Art Vs. Craft
What's the difference?
This one of my favorite questions to ask people is if they consider themselves an artist or a craftsman, and what they think the difference is. I've never gotten the same answer. I've really never even gotten a similar answer. I think about that a lot. A lot, A lot. I think what I've come up with is probably self evident, but I believe it's worth exploring. This is the closest I've personally ever come to answering it for myself.
Let me preference the following with saying, none of the thoughts presented in this are original, I'm pretty much a dilettante who reads extensively and has cobbled this together. Secondly, I'm not trying to provoke anyone into a debate about creationism or theology, and comments that are posted that strictly serve to proselytize will probably end up deleted.
Okay, just to make sure we're all on the same page, a little bit of history. I'm not going to go into exhaustive detail about some things that I believe to be well understood. I know it won't seem like it at first, but this really is about arts and crafts. (The early part of this piece deals with behavioral modernity, I personally believe in the Continuity Hypothesis as opposed to the Great Leap Forward Hypothesis. If your interested at all in these theories, Check out Curtis Marean's lecture at the bottom of this post. It's really interesting, and you don't need a PhD to understand it.)
Modern Humans, Homo sapiens, appeared about 200,000-150,000 years ago. I'm always asking myself, what defines a human as human as opposed to a deer or a dolphin or a wasp? Aside from obvious physical differences, what do we do that other animals don't? For example, tool making is not exclusive to humans, neither is shelter building.
I believe what makes a Human a Human is our ability to tell stories, and I believe it is this special ability that is as important to our survival as claws on a lion or gills on a fish. How is this significant?
Story telling allows us be successful predictors, which allowed for us to hunt. Why is hunting important? Two reasons. Any access to a new food source is significant, and hunting is the key to our development of complex language.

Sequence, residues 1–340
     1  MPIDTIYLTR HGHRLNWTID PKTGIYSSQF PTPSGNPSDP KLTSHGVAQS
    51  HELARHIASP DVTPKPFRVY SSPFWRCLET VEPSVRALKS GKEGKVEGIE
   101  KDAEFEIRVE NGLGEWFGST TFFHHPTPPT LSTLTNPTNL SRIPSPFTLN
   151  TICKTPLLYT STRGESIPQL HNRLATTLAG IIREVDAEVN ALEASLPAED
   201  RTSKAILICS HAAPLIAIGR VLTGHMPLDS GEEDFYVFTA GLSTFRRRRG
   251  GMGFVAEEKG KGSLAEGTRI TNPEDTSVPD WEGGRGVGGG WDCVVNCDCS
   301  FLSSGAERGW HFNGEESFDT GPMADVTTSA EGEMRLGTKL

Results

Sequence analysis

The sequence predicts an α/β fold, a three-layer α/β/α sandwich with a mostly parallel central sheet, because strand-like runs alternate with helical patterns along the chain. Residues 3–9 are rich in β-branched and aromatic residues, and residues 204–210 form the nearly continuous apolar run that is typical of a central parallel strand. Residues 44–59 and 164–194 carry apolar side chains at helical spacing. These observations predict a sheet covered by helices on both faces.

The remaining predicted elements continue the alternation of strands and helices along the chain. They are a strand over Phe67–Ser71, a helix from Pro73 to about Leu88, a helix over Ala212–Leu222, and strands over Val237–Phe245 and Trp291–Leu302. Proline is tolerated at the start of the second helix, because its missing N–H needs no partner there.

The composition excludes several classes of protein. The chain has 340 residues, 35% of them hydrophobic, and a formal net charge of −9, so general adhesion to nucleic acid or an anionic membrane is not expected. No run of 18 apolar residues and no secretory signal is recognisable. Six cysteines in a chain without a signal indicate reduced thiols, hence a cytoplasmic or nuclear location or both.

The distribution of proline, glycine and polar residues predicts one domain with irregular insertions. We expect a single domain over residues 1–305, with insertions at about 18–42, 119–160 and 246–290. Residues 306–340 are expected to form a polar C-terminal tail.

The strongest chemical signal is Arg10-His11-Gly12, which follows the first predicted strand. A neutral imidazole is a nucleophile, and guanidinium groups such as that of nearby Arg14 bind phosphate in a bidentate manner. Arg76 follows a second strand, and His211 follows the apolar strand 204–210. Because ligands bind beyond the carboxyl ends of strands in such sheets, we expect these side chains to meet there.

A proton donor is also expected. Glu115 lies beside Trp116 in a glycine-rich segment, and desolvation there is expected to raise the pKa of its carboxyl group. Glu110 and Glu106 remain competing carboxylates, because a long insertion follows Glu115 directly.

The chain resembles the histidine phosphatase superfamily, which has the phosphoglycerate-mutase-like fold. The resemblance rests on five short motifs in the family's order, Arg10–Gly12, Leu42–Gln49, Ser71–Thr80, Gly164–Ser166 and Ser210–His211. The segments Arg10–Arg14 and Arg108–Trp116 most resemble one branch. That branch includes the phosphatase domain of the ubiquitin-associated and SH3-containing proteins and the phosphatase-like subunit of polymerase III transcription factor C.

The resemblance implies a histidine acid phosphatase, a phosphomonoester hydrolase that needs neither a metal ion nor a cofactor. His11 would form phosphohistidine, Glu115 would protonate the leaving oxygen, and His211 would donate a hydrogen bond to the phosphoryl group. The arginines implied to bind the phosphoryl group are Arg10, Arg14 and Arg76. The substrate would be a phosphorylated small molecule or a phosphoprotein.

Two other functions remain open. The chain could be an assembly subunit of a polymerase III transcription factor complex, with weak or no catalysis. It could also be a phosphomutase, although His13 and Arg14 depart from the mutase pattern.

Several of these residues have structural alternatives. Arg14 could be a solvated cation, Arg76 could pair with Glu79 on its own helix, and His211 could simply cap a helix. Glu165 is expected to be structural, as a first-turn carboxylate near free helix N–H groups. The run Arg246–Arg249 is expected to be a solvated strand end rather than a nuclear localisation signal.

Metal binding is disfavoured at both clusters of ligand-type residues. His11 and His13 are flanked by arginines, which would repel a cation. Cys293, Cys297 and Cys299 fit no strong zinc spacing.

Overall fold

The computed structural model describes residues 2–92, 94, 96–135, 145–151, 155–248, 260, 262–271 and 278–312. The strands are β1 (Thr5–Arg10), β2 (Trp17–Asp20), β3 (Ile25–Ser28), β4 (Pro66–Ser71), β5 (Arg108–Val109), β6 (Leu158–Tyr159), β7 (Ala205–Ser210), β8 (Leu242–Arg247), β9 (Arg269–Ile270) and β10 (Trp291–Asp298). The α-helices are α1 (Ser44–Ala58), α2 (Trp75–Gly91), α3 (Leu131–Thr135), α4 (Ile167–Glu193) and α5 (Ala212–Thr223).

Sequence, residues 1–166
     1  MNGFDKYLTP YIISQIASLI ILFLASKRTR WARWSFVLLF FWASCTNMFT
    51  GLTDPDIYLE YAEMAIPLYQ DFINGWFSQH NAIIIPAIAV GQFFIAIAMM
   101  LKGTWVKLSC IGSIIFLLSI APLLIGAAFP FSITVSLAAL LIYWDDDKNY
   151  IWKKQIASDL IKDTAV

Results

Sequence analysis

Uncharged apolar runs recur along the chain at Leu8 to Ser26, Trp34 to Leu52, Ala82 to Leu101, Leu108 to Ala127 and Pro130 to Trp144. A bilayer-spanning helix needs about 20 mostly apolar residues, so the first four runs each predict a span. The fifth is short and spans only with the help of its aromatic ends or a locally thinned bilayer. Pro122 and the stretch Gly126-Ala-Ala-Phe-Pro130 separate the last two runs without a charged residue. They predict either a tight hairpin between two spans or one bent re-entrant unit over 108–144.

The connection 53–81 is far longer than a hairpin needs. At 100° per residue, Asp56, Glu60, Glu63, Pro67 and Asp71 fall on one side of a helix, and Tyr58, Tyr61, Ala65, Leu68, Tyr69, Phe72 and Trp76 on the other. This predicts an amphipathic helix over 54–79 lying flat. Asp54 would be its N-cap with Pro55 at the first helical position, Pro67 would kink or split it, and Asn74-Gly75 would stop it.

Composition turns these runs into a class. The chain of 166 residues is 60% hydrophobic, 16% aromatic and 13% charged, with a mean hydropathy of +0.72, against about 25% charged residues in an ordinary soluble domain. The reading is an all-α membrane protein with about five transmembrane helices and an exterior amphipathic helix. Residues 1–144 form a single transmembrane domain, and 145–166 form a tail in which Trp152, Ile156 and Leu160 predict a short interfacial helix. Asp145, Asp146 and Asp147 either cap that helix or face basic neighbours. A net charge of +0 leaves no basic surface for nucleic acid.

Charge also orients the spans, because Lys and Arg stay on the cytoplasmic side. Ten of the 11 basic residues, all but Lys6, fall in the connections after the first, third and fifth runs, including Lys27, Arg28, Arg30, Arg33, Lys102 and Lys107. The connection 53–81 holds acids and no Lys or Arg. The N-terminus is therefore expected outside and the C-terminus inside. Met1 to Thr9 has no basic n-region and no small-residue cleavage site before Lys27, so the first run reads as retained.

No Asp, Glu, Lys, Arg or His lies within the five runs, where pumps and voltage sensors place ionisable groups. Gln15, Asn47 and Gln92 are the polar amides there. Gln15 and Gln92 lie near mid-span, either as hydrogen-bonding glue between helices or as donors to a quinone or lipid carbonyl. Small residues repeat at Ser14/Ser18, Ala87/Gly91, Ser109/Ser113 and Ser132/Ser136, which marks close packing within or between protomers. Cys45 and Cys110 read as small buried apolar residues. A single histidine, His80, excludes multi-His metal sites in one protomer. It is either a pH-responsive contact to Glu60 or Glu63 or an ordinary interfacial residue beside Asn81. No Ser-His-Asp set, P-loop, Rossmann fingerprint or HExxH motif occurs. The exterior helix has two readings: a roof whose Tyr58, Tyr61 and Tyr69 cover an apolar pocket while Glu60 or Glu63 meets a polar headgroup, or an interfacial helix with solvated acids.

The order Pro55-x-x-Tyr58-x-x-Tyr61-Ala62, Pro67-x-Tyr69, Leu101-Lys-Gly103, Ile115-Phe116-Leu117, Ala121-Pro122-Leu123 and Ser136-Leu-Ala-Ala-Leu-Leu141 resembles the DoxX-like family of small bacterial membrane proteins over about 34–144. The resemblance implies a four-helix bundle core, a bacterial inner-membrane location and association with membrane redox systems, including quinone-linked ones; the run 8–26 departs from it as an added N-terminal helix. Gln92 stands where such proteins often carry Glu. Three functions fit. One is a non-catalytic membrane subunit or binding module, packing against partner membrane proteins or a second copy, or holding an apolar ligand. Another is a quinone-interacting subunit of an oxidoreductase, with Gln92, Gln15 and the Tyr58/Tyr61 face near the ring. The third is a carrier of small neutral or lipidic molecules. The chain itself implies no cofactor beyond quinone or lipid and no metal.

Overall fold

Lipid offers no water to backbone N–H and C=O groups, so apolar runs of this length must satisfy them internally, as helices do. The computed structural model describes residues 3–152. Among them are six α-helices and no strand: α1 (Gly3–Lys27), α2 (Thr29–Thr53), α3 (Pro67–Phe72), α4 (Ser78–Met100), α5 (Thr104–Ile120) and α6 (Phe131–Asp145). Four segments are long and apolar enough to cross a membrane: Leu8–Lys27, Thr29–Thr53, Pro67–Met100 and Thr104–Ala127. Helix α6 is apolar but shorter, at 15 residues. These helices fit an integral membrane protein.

I believe in the Hunting Hypothesis (however flawed it may be) in so far as, if you are able to communicate with a group, you are more likely to be successful at hunting. Remember, we didn't have jeeps and cross bows. All we had was our feet and rudimentary tools. (Toolmaking being one of the things that is not exclusive to humans.)
If a group of humans is able to communicate successfully, they can make a plan, work together to walk down an animal and attack together which makes them more likely to be successful at a kill than working alone.
More food means more people successfully expressing their genes, which means an evolution of language, the thing that was fundamental in achieving more food. Furthermore, we lack the other physical advantages that other animals have, (claws, wings, fangs, speed, camouflage) but we have the ability to tell stories. Why are stories important? Stories allow us to predict the future.
That's right. We are able to take clues from our environment, place them together and use that picture to predict food. We can look at a hoof print, chewed and broken branches, droppings, and guess that an animal is probably over there. Being able to do that is very different than following a scent trail, coursing, memorizing where a watering hole is, or understanding cause and effect. We don't need highly advanced communication in order to mate, in order to scavenge or gather, in order to have a shelter, but humans do need it in order to hunt.